MASSIVE volatility in carbon prices in Europe and rising gas prices have cast doubt on whether Julia Gillard’s carbon package will be enough to force power stations to switch from coal to gas, Standard & Poor’s will warn today, delivering another blow to the federal government’s clean energy plans.
A report to be released today by the credit ratings agency, obtained by The Australian, suggests that at the end of this decade coal will still be dominant – despite expectations gas will be a transitional fuel to a low-carbon economy under the Gillard government’s carbon scheme.
After the situation in Europe – where carbon prices have fallen to about $10 a tonne, down from between $20 and $33 in past years – Australia’s carbon price could fail to make gas competitive enough to overtake the coal-power stations that produce more than 70 per cent of the nation’s power, the report finds.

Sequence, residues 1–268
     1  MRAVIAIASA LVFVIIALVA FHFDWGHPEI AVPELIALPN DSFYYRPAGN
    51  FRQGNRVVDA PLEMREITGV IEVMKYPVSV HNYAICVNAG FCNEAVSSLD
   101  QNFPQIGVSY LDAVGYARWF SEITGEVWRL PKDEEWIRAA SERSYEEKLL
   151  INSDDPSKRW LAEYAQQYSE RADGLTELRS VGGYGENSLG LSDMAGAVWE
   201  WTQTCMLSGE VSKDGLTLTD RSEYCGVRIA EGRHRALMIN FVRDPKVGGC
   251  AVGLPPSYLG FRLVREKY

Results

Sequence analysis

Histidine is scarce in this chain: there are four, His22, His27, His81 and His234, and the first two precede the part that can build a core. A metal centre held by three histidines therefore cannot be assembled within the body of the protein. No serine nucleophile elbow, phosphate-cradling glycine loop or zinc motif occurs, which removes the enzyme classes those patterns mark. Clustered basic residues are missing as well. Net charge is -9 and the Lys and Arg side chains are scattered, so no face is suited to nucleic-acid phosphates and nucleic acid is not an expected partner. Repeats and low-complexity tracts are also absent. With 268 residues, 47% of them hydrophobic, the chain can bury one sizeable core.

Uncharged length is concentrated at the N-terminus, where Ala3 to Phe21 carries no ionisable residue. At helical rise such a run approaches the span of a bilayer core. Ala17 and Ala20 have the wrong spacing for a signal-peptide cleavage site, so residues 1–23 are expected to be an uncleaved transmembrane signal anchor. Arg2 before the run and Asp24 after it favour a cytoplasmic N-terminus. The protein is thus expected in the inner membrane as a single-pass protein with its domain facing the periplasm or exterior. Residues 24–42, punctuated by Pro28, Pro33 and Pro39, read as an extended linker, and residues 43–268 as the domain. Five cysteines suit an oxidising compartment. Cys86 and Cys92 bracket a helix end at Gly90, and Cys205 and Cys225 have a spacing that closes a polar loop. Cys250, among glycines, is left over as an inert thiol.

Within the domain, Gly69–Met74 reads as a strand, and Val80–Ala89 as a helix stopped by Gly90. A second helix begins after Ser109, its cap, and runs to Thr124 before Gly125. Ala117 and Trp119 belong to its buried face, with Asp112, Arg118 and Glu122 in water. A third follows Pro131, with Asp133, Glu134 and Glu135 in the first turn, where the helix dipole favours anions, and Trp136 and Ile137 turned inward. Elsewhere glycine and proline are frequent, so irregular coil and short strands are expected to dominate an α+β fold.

On top of this, the competitiveness of coal would be entrenched as gas prices rise because of the boom in liquefied natural gas exports from Australia’s east coast.
“Potentially higher gas prices and carbon price volatility throw some doubt on the competitiveness of gas to challenge the dominance of coal-fired generation,” the report states.
“And the recent volatility in carbon prices in the European markets demonstrates the jury is still out as to whether the carbon tax is enough to offset coal’s cost advantage.”
The findings are significant, as the government expects Australia to become increasingly reliant on gas – which produces about half the emissions of similar coal-fired power stations.
The Greens, who had hopes the nation could abandon non-renewable energy sources within a decade, are likely to be aghast at the prospect that coal could retain its cost advantage.